The United States’ diplomatic approach to Kosovo continues to draw criticism, as more international relations experts criticize the ousting of Prime Minister Albin Kurti’s government.
Kurt Bassuener and Bodo Weber of the Berlin-based think-tank Democratization Policy Council outline, in a recent piece, how the US “precipitated the fall of a popular and promising reformist government” in Kosovo. US special envoy for Kosovo-Serbia negotiations Richard Grenell lead not only to the ousting of Kurti’s government, but also to a fall in America’s credibility in the Balkans, and a deepening of the schism between the US and the EU.
The day before the vote of no-confidence that deposed Kurti, the US ambassador to Kosovo tweeted in support of the deposition. In doing so, the US diplomatic mission to Kosovo split from the ‘united front’ that the diplomatic missions of the US, UK, Germany, France, and Italy planned on putting up by releasing a joint statement that urged preserving the integrity of the government in order to adequately deal with the global pandemic.
Bassuener and Weber label the United States’ support in 2018 for a ‘land-swap’ deal, supported by Kosovo President Hashim Thaçi and Serbian President Aleksandar Vučić, that would see Kosovo cede territory to Serbia in exchange for the latter recognizing Kosovo’s independence, as a swift break from two decades of strategic American policy in the Balkans. German-led opposition to the idea of border changes in the Balkans quickly suspended talks of such a deal, however.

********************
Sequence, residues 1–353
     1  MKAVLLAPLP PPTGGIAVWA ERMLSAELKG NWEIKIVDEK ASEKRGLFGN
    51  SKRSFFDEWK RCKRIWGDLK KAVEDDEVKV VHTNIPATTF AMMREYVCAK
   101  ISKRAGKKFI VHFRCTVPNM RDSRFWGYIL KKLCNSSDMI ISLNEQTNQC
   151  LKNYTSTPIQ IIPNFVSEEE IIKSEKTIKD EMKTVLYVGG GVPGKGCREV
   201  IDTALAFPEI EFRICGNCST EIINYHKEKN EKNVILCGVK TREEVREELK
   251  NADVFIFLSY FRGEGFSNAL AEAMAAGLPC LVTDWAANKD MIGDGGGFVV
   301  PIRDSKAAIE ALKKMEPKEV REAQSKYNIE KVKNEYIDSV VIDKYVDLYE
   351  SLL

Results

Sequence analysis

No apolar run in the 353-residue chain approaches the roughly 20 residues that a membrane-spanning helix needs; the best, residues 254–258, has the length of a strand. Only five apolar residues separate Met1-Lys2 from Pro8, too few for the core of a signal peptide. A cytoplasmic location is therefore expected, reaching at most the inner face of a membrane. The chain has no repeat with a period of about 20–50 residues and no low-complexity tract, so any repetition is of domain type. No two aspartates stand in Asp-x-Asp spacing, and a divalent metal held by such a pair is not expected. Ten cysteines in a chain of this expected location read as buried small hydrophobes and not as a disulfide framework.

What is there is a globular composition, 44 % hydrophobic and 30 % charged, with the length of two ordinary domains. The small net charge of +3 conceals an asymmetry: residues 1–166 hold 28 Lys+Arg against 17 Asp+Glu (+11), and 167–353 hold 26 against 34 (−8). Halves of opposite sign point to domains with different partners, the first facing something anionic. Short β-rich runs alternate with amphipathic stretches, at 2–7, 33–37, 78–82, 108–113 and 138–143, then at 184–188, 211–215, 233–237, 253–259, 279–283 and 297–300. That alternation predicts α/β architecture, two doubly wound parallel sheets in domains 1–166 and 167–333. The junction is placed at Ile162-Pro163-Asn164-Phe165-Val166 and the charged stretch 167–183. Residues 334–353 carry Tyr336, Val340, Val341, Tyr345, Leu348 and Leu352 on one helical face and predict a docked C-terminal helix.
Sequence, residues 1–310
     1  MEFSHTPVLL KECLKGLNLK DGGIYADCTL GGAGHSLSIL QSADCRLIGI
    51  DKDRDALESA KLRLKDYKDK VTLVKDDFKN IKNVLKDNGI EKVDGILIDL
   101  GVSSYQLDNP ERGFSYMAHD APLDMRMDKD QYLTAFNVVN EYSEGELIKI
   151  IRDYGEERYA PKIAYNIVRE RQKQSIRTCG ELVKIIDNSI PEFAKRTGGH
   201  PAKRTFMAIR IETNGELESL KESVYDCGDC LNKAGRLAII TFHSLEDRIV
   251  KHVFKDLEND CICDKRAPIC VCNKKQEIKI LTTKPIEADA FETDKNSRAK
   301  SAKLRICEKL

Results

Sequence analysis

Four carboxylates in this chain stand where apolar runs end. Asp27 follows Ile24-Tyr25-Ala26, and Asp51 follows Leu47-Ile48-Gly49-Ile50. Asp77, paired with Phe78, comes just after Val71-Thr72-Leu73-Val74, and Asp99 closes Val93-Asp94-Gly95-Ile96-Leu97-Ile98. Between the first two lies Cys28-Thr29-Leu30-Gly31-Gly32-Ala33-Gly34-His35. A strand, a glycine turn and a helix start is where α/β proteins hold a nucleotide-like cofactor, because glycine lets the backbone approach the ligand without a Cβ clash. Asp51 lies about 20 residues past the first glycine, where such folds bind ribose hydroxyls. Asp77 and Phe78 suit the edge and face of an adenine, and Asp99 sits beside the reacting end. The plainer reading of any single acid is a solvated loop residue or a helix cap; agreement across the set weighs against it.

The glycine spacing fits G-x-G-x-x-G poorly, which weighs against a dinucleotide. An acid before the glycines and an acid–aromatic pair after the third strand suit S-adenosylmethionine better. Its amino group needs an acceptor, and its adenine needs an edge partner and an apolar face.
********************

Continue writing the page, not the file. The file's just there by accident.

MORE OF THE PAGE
Serbia blocking Kosovo’s membership in Interpol and continued derecognition campaign led, in turn, to then-Prime Minister of Kosovo Ramush Haradinaj to impose a 100% tariff on Serbian goods in November 2018. The tariff halted Kosovo-Serbia negotiations, while the US pressured Kosovo to lift it.
Bassuener and Weber allege that Grenell exploited the departure of EU foreign policy chief Federica Mogherini, who was leading the negotiations, to run his own “domestic political errand.” While also serving as ambassador to Germany, he pursued action on Kosovo and Serbia without the presence or knowledge of regional partners.
While Kurti announced his plan to gradually remove tariffs in exchange for Serbia lifting non-tariff trade barriers and ceasing its derecognition campaigns, a move supported by the EU, Grenell dropped his demand for Belgrade to stop the derecognition campaign and threatened withholding financial and military support for Kosovo.
Besides having likely devastating consequences in Kosovo and the Balkans, the deal sought by Grenell has done massive damage to American reputation and credibility in the region. These manoeuvers risk undermining transatlantic partnership, endangering European security, and precipitating legitimate feelings of betrayal in Kosovo, labelled by Bassuener and Weber as “perhaps the most pro-American country on earth.”